According to the World Health Organisation “Gaming Disorder” will become a clinical diagnosis from 2018.
The condition is characterized, according to WHO, by a pattern of persistent or recurrent gaming behaviour (‘digital gaming’ or ‘video-gaming’), which may be online (i.e., over the internet) or offline.
Symptoms and Condition of diagnosis:
impaired control over gaming (e.g., onset, frequency, intensity, duration, termination, context).
increasing priority is given to gaming to the extent that gaming takes precedence over other life interests and daily activities.
continuation or escalation of gaming despite the occurrence of negative consequences.
The behaviour pattern is of sufficient severity to result in significant impairment in personal, family, social, educational, occupational or other important areas of functioning.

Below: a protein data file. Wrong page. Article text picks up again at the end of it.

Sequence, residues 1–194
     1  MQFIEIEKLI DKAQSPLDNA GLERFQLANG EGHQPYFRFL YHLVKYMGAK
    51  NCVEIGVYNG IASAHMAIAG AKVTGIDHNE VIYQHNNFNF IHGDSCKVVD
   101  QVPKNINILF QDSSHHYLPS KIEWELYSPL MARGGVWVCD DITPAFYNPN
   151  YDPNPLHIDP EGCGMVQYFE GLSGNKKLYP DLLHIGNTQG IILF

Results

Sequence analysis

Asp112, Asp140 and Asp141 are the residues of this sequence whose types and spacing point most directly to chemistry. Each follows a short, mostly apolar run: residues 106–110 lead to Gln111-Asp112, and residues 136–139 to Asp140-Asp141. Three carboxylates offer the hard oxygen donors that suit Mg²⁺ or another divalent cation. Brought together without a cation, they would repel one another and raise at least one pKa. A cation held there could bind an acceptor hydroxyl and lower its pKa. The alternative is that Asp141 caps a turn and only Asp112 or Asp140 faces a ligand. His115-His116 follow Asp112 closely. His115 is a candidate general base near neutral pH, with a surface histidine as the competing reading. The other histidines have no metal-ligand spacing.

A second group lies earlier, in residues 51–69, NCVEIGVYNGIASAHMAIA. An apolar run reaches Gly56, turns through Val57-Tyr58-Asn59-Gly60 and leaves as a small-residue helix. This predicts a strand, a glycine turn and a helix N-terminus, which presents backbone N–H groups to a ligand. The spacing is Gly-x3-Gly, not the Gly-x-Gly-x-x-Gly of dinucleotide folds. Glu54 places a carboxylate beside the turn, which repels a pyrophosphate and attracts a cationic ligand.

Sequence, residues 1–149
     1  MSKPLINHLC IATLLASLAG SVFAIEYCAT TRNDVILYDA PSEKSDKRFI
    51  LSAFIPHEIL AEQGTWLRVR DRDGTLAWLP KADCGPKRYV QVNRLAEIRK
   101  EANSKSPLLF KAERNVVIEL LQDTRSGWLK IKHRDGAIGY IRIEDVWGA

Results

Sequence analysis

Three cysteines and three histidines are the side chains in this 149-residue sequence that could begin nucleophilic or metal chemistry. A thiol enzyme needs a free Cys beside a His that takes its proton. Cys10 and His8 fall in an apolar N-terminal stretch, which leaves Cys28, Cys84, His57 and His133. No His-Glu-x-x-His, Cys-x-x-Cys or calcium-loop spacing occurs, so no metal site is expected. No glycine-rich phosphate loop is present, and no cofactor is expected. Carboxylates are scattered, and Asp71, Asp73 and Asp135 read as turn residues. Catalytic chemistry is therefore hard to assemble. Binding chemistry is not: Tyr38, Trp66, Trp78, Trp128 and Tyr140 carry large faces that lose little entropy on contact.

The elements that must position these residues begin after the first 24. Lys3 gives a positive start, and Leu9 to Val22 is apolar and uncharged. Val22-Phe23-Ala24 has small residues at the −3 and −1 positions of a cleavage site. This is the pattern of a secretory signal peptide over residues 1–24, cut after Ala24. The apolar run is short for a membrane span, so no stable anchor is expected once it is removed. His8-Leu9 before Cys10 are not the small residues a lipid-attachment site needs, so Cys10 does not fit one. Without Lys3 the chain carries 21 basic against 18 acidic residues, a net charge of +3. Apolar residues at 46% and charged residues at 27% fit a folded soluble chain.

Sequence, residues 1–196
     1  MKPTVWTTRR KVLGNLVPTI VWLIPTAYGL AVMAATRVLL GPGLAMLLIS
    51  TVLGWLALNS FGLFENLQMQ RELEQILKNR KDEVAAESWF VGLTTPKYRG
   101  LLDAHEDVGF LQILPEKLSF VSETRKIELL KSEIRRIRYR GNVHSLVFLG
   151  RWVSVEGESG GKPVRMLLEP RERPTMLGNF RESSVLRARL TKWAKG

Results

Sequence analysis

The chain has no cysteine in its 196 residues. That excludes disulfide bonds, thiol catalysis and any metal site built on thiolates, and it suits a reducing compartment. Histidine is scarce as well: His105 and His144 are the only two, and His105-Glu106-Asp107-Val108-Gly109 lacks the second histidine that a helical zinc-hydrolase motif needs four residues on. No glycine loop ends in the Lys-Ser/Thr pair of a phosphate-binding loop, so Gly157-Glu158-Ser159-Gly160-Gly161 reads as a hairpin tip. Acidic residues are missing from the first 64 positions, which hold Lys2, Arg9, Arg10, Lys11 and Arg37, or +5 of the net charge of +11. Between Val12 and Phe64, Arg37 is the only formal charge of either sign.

The pattern of gaming behaviour may be continuous or episodic and recurrent.
The gaming behaviour and other features are normally evident over a period of at least 12 months in order for a diagnosis to be assigned, although the required duration may be shortened if all diagnostic requirements are met and symptoms are severe.
Exclusion to the above criteria of diagnosis is another type of mental health condition called “Hazardous Gaming” which has the following definition:
Hazardous gaming refers to a pattern of gaming, either online or offline that appreciably increases the risk of harmful physical or mental health consequences to the individual or to others around this individual. The increased risk may be from the frequency of gaming, from the amount of time spent on these activities, from the neglect of other activities and priorities, from risky behaviours associated with gaming or its context, from the adverse consequences of gaming, or from the combination of these. The pattern of gaming is often persisting in spite of awareness of increased risk of harm to the individual or to others